Of the 221 pregnant women at 11 participating HIV centres who initiated cART during the index pregnancy and had sufficient data for analysis, 192 had a detectable pVL after 14 days therapy. 29 women had VL1 <50 copies/mL and are described separately.
Baseline characteristics of the 192 women included in the main analysis are described in Table 1. 83.3% were Black African/ Caribbean, 98.5% identified heterosexual intercourse as their route of HIV acquisition, 63.5% were cART-naïve and median CD4+ count prior to initiating cART (baseline) was 339 cells/µL (Table 1). 126 (65.6%) had pre-cART (baseline) plasma HIV RNA <30,000 copies/mL, 37 (19.3%) between 30,000 – 100,000 HIV RNA copies/mL and 29 (15.1%) had baseline plasma HIV RNA >100,000 copies/mL. 91% of women commenced cART before 28 weeks’ gestation: 181 (94.3%) women initiated a dual NRTI backbone plus a third agent, 11 (5.7%) initiated abacavir, lamivudine and zidovudine (ABC/3TC/AZT) (Table 1) and seven (3.6%) initiated quadruple cART. Amongst the 192 women included in the main analysis, pVL fell by a median of 1.8 log10 HIV RNA copies/mL 14 days after initiating cART, and median T/2 was 2.5 days (Table 1).
Factors associated with first-phase plasma HIV RNA half-life decay
Univariate linear regression analysis demonstrated that lower baseline CD4+ T-cell count, higher VLBL and INSTI-based cART were associated with faster viral decay (shorter T/2) (Table 2). However, in multivariable regression analysis, only higher VLBL remained independently associated with shorter T/2 (-0.61 days per 1 log10 plasma HIV RNA higher, p<0.001) (Table 2).
Factors associated with having an undetectable maternal plasma viral load at 36 weeks’ gestation
In multivariate logistic regression analysis, the following factors were associated with a higher probability of having an undetectable maternal pVL by 36 weeks’ gestation: lower maternal pVL 14 days after initiating cART (odds ratio (OR) 0.05, 95% confidence interval (CI) 0.01, 0.19) and earlier gestational age when cART was initiated (OR 0.66, 95% CI 0.58, 0.76) (Table 3).
Differences in HIV- and obstetric-related parameters when stratified according to antiretroviral third agent class
T/2 was significantly shorter in women commenced on INSTIs compared to those commenced on PIs, non-nucleoside reverse transcriptase inhibitor (NNRTIs), and ABC/3TC/AZT (p <0.001, p <0.001 and p=0.03, respectively) (Table 4). T/2 was significantly longer in women commenced on PIs compared to NNRTIs, p=0.03 (Table 4).
Women who initiated an INSTI had significantly higher VLBL compared to women initiating PIs and ABC/3TC/AZT (p<0.001 and p<0.001, respectively), while women commenced on ABC/3TC/AZT had significantly lower VLBL and higher baseline CD4+ counts compared to women commenced on PIs and NNRTIs (Table 4). Women who initiated NNRTIs had lower baseline CD4 compared to women initiated on PIs. While there was no statistically significant difference in the gestational age at which cART was commenced when stratified according to the three third agent antiretroviral classes and ABC/3TC/AZT (Table 4), higher VLBL was significantly associated with earlier gestational age when cART was initiated, p = 0.02.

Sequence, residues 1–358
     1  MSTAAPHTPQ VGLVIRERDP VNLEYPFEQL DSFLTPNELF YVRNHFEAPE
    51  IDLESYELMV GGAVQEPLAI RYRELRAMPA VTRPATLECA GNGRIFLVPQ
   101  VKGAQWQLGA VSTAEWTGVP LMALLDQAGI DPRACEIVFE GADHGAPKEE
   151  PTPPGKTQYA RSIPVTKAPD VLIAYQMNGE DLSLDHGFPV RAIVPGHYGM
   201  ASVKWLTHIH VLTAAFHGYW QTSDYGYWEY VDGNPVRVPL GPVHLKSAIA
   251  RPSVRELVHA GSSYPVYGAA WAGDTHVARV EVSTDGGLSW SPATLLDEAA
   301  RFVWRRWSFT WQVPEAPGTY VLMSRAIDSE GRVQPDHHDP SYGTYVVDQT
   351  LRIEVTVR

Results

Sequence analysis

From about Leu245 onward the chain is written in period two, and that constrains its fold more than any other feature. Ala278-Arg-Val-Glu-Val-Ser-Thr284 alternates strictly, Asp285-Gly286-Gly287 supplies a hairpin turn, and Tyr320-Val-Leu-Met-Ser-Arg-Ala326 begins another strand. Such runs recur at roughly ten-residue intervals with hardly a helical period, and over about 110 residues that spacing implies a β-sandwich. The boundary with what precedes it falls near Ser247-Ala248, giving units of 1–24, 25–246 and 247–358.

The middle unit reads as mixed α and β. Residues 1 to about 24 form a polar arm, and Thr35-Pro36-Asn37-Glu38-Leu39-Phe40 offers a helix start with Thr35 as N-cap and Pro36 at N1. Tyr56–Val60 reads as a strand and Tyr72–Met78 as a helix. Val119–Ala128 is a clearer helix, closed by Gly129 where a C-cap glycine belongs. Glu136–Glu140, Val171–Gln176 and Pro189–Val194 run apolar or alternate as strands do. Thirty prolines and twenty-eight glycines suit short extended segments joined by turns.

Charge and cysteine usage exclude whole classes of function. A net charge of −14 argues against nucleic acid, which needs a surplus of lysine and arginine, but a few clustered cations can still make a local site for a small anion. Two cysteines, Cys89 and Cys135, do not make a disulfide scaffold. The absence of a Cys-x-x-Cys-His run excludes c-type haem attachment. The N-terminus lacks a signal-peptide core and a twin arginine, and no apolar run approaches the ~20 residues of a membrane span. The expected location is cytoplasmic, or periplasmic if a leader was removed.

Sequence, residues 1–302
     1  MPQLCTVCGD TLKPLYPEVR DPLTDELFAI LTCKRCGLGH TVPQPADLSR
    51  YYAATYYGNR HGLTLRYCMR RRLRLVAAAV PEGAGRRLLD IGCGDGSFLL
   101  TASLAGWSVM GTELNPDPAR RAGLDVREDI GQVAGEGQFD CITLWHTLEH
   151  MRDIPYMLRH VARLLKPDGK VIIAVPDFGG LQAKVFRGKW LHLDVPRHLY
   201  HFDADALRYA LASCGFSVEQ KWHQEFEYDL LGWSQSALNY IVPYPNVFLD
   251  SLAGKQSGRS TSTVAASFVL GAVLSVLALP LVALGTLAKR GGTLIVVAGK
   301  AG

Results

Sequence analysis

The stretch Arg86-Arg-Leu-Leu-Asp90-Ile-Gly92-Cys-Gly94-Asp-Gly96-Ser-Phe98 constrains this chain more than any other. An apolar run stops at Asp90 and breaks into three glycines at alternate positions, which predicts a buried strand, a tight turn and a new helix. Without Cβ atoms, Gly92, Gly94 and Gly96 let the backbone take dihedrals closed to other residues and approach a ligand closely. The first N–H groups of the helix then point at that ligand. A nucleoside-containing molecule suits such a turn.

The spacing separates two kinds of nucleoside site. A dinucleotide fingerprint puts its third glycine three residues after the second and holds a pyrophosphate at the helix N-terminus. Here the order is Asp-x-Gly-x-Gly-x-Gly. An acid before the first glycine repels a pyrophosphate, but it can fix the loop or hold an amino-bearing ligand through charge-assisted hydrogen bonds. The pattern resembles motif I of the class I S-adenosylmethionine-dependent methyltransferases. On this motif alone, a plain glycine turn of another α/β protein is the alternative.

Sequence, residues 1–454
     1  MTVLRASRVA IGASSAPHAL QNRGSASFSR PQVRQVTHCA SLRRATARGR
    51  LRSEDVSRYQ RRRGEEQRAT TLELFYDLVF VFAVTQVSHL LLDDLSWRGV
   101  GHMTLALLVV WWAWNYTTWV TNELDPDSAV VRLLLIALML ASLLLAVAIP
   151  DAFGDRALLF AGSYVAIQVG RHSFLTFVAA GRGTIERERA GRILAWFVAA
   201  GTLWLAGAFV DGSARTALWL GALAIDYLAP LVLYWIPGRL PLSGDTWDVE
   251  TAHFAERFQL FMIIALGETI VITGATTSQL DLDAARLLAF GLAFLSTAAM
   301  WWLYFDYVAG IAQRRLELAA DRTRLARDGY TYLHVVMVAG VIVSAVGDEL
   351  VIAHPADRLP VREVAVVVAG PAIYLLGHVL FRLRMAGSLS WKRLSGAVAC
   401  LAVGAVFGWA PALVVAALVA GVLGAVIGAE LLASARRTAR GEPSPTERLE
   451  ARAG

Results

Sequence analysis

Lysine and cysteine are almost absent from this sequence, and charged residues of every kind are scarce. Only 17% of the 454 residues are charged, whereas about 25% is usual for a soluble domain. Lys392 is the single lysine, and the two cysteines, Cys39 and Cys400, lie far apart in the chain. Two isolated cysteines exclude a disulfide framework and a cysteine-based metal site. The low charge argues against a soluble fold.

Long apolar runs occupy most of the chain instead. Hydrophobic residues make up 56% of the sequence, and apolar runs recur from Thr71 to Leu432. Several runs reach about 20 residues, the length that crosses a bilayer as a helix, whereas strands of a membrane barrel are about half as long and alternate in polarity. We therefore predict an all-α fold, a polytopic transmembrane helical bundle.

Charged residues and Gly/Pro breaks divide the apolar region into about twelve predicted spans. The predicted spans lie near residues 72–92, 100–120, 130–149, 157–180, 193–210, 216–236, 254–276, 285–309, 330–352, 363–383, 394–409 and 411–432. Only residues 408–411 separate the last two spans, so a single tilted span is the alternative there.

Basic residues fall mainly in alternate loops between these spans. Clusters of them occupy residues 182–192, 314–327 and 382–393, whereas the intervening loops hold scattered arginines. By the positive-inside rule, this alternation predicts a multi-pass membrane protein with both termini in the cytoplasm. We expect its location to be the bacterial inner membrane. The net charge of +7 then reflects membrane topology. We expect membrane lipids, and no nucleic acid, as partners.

Between the four groups, the overall time to an undetectable pVL was numerically shorter in women commenced on INSTIs, but statistically only approached significance when comparing women initiating INSTIs (27.5 days) and NNRTIs (51.5 days), p=0.05 (Table 4).
An undetectable pVL was seen in 72.9% of all women by 36 weeks gestational age with broadly similar rates across the three antiretroviral third agent classes: PIs 72.0%, NNRTIs 65.6% and INSTIs 76.5% (Table 4). 164 (85.4%) women had an undetectable pVL by delivery: PIs 85.6%, NNRTIs 75.0% and INSTIs 94.1% (Table 4). All women who initiated ABC/3TC/AZT had undetectable pVL at both 36 weeks’ gestation and delivery. Statistically, the proportions of women with undetectable pVL at 36 weeks’ gestation and at delivery did not differ significantly by antiretroviral third agent class (p=0.13 and p=0.17, respectively).
Women with pVL <50 copies/mL at day 14 following cART initiation
Baseline characteristics for the 29 women with VL1 <50 copies/mL were broadly similar to the 192 women included in the main analysis (Table 1). However, this cohort of 29 women had significantly higher baseline CD4+ count (p = 0.001), lower VLBL (p < 0.001), a higher proportion with Hepatitis B co-infection (p = 0.007), and all women had VLBL <30,000 copies/mL. The longest estimated T/2 in this cohort of 29 women was similar to the T/2 seen in the subgroup of women included in the main analysis with VLBL <30,000 copies/mL, p = 0.354.
Infant HIV infection rates
Infant HIV infection status was established for 171/221. All 171/221 infants were negative by molecular HIV testing at birth. For the remaining 50/221, infection status was not available. Although data on infant HIV peri-exposure prophylaxis were not available, each centre managed infants according to the contemporaneous version of the BHIVA guidelines on the management of HIV infection in pregnancy.